The role of the veterinary profession in difficult issues like this one is essential, but gaining a consensus can be difficult. The British Veterinary Zoological Society has always opposed the culls on scientific, ethical and welfare grounds, however the British Cattle Veterinary Association, and overall the BVA, supported last year’s pilot culls.

As a council member for BVZS and a member of the Ethics and Welfare Committee for BVA, the JMICAWE’s Heather Bacon has been fully involved in the current debate on the second round of culling. Speaking for the JMICAWE Heather said, “the issue of TB is a difficult one and requires a comprehensive approach. It is often stated that no country has achieved TB control without wildlife control, but it remains to be seen whether it is actually possible to control badger populations with the current approach, or whether this approach will worsen the situation. Up to 40% of farms within TB endemic areas have no history of TB reaction. It would be useful to investigate this issue further examining what biosecurity measures may be in place in these farms to confer protection in endemic areas. TB control is extremely complex and it is likely that further investment and research is needed into areas such as wildlife contraception, vaccination and cattle control measures.”

The BVA is currently considering it’s position on continuing to support the pilot culls and is soliciting membership views on the issue.


Wednesday, 9 April 2014

'FEELING' The British Animal Studies Network (BASN) April Meeting

This meeting of BASN will place on Friday 25 and Saturday 26 April 2014 in the Collins Building at the University of Strathclyde in central Glasgow. A map giving the location of the building can be found here. To register for the meeting, please click here to be taken to the University of Strathclyde online shop. Some ideas for accommodation can be found here. The Premier Inn Glasgow City Centre, George Square is the nearest hotel to the University.

For information about the programme and the talks please go to:
It is hoped that this, along with the other BASN meetings, will be attended by a range of people involved in animal studies and related areas. This might include scholars and postgraduates working within the field; scholars from outside of animal studies who are beginning to recognise the significance of studying the role, place and perception of animals; people from non-academic institutions – animal welfare charities, museums, NGOs who are working with and for animals, and artists who are representing and thinking about animals in their work.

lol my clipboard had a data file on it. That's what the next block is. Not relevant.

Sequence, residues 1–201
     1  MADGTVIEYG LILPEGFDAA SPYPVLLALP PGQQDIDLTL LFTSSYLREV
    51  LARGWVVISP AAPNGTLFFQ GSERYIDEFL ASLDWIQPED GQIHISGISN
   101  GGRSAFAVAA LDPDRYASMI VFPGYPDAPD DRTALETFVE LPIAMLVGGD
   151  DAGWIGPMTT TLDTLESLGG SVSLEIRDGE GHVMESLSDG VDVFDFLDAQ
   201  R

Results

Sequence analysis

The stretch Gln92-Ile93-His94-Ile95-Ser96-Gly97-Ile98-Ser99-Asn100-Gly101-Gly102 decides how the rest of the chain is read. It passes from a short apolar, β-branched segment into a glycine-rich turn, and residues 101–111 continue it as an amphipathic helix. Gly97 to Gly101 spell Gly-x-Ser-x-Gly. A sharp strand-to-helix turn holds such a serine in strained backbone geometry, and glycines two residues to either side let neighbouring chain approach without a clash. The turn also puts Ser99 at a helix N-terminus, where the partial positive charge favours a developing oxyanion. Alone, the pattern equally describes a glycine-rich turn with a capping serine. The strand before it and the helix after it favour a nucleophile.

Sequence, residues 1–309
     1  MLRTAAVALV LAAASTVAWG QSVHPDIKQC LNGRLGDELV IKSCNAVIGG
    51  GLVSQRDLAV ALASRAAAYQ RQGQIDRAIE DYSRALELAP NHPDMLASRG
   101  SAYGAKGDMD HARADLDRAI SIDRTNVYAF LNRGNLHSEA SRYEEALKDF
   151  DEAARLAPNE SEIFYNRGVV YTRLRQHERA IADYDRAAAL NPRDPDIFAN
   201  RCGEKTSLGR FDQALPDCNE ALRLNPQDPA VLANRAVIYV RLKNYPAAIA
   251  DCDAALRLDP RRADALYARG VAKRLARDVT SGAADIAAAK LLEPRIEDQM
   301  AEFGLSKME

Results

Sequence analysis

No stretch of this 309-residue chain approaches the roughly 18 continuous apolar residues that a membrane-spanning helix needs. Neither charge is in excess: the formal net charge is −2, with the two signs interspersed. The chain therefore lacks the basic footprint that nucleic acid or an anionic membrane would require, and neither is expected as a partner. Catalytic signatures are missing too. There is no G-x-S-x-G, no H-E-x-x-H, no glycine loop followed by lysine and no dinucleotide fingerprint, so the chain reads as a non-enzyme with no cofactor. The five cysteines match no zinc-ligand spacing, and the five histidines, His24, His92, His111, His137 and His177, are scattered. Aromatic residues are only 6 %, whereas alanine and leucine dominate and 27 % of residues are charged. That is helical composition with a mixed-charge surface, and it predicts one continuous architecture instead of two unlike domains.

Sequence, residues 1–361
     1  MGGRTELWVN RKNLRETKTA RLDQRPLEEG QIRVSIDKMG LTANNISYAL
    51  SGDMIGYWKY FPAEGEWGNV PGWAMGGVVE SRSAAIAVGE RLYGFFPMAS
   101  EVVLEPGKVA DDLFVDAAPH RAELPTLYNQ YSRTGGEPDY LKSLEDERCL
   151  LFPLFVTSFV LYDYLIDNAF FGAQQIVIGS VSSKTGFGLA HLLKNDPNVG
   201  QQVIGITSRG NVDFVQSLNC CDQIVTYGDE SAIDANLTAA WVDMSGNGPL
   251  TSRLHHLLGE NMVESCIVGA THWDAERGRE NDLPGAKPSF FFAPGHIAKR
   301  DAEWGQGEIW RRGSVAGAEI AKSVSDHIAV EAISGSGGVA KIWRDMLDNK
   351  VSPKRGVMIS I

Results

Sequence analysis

Tuesday, 8 April 2014

'Dog Shelters in Developing Countries ... the Reality' CPD Presentation

Last week, our welfare veterinary nurse, Hayley Walters, delivered a presentation entitled 'The Realities of Dog Shelters in Developing Countries' that was open to all University staff as part of the Continuing Professional Development series.   Hayley was able to give first-hand knowledge based on her own experiences of working in Thailand, India, China and Vietnam.

"Whilst some of the photos and videos were upsetting to see, it's important that people are aware of what is happening on an international level.  Raising awareness not only increases knowledge, it also allows people to make good decisions in terms of working/volunteering in overseas projects and which charities to donate their money to".

Government-run dog shelter in Thailand
The talk was held on Wednesday 2nd April in the HfSA and was very well received.  Hayley will be delivering it again to the anaesthesia team as part of on-going CPD.


Monday, 7 April 2014

This Parliament considers animals to be sentient beings

Christine Grahame, Chair of the Cross Party Animal Welfare Group has Motion for Members Debate addressing Animal Sentience agreed for 15th May 2014.

Motion S4M-09418: Christine Grahame, Midlothian South, Tweeddale and Lauderdale, Scottish National Party, Date Lodged: 19/03/2014

That the Parliament considers that companion animals, farmed animals and wild creatures are sentient beings whose contribution to communities and the environment should be recognised and celebrated; acknowledges, in particular, the positive role of pets in the lives of children and adults throughout Scotland, including in Midlothian South, Tweeddale and Lauderdale, and the comfort and assistance that they provide for many people who have difficulty with vision, hearing, mobility or socialising, and affirms that animals need and deserve the best possible welfare standards appropriate for their species whenever they are bred, reared, traded or kept.